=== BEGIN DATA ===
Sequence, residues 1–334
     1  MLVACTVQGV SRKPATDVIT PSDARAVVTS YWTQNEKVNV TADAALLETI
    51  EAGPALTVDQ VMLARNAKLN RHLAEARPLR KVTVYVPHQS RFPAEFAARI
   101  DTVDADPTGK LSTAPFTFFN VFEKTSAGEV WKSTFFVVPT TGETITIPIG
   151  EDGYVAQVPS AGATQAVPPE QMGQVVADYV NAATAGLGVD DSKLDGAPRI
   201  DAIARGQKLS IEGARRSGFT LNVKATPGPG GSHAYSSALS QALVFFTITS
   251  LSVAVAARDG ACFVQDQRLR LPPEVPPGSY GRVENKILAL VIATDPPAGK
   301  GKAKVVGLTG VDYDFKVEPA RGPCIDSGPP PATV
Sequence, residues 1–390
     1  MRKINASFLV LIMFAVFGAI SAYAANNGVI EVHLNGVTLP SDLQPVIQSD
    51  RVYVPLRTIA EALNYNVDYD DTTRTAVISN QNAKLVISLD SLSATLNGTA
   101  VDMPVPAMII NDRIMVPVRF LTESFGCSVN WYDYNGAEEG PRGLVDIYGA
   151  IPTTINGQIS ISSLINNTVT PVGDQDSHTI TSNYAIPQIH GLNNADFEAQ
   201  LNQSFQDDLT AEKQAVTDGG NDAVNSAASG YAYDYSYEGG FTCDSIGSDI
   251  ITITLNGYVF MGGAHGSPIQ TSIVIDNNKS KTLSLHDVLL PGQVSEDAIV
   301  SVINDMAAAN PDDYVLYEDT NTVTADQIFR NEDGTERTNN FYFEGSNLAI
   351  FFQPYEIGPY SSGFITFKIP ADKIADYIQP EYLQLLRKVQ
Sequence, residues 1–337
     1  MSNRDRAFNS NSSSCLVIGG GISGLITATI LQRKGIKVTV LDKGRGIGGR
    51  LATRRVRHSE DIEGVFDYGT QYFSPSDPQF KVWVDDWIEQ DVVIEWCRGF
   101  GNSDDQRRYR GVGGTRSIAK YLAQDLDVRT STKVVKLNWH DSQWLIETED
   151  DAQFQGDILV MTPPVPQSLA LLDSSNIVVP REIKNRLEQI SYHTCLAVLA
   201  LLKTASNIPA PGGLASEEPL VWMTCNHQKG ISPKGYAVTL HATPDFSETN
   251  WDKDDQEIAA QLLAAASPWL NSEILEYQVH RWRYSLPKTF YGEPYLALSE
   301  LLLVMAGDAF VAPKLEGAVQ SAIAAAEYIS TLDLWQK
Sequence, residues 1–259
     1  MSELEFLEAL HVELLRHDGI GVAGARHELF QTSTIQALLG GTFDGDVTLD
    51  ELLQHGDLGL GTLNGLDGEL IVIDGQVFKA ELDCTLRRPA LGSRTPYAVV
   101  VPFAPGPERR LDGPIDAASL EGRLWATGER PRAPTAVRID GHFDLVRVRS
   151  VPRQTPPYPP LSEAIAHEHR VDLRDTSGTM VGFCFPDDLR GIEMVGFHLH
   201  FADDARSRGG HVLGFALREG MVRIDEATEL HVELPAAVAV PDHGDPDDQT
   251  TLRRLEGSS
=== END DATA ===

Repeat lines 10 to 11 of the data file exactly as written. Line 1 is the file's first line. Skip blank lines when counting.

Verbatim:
     1  MRKINASFLV LIMFAVFGAI SAYAANNGVI EVHLNGVTLP SDLQPVIQSD
    51  RVYVPLRTIA EALNYNVDYD DTTRTAVISN QNAKLVISLD SLSATLNGTA